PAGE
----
Working Out Doesn’t Have To Be Exhausting To Be Worth It

Photographed by Caroline Tompkins.
You’d be forgiven for thinking that the best way to get fit (or exercise at all) is to exhaust yourself. Phrases like 'no pain, no gain', 'grind now, glory later' and the particularly derogatory 'sweat is just your fat crying' are testament to the idea. This belief could even be based on experience. Maybe you associate running with being forced around the school field when you have a stitch. Maybe you signed up to a HIIT class on a whim (or as part of a new year's resolution) after a very rested few months and found yourself drenched in sweat and unable to move 50 minutes later. Maybe both of those examples come from my personal experience. Who’s to say.
But if you pose 'exhaustion = good' as a question to fitness professionals and sports psychologists, is it actually true? Does exercise have to be exhausting to be good for you? When I asked experts that question, everyone I spoke to said no, emphatically. But with caveats.
Tim Hart, a personal trainer at the gym Third Space explains: "It's tough to answer these questions because there's nuance in the answers but the short answer is no. That doesn't mean exhausting exercise isn't also good for you. But it doesn't have to be exhausting to be effective."
The idea that exhaustion is key to exercise can be traced back to how society looked at sport as a means to train people for battle, says Andrew Lane, professor of sports psychology at the University of Wolverhampton. "You go back centuries and [sport] is a means of developing mental toughness that is deeply rooted in history. And it's correctly connected to the idea that that's how hard serious athletes are training from time to time." Unsurprisingly, elite performers do have to learn to cope with fatigue and perform at their highest intensity under intense psychological load.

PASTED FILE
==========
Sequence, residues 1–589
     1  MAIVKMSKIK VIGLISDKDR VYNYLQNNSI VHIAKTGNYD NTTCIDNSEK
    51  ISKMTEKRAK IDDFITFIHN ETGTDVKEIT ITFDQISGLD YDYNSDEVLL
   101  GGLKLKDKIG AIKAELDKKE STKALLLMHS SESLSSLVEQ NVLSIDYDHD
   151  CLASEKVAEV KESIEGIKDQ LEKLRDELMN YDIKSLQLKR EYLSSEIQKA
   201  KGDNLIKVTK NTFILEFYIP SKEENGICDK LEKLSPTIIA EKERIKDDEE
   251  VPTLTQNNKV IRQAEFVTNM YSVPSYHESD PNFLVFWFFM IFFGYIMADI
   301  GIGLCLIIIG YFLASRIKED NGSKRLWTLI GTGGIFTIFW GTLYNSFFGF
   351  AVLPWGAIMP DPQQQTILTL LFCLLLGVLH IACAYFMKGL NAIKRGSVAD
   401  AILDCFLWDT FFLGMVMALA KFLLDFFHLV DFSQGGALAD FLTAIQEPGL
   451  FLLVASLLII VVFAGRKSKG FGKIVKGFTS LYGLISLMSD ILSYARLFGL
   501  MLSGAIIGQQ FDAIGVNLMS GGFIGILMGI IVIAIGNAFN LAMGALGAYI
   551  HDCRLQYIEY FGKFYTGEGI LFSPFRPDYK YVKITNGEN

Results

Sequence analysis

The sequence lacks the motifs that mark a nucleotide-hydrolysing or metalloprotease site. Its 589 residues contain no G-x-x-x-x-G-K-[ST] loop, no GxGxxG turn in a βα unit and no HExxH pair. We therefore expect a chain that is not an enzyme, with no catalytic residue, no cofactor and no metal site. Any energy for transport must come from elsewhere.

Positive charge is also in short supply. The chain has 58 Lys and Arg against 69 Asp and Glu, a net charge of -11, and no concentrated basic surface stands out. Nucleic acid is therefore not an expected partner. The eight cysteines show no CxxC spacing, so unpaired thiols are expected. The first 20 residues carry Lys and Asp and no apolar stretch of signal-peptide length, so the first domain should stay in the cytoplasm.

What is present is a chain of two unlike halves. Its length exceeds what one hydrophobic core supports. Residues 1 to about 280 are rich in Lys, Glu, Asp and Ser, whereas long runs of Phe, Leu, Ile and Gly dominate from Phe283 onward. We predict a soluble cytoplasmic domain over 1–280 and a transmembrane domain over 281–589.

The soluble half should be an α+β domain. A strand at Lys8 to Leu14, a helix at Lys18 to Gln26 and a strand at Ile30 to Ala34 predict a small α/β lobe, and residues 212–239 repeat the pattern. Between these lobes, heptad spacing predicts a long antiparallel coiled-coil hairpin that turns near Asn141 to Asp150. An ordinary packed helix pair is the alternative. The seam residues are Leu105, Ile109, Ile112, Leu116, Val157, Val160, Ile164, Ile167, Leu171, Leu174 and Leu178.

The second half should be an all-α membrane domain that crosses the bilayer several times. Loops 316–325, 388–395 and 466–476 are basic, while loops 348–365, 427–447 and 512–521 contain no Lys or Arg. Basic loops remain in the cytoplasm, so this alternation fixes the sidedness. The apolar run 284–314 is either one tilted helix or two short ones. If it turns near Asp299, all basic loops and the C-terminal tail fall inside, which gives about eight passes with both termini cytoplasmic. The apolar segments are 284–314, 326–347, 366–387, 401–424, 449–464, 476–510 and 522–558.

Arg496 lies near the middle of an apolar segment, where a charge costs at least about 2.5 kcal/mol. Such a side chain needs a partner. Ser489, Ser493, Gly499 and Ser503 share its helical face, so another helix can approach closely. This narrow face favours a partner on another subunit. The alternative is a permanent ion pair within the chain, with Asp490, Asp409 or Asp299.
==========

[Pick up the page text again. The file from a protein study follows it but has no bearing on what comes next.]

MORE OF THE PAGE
As for the rest of us, the benefits of pushing yourself to the edge, Tim says, depend on your 'training age' aka the length of time you have been building a core base of whatever exercise you're partial to. If you have a very low training age then you'll get the most benefit from low intensity, moderate work. "And then the more advanced you get, the harder you train; the longer you've trained for, the more intense the workouts probably need to be. But even that in itself is a bit of a generalisation."
Basically, a bit of high intensity for your level of fitness is good a bit of the time. But it should be an addition, not the norm.
Many fitness professionals know this but it doesn't stop this exhausting idea being particularly prevalent right now. Lotti McKenna, head of movement at fitness studio BLOK, theorises that it’s not just because it’s January; it's because it’s January 2023. "Because we haven't had a January with workout classes in three years, it feels like everyone's just going full throttle."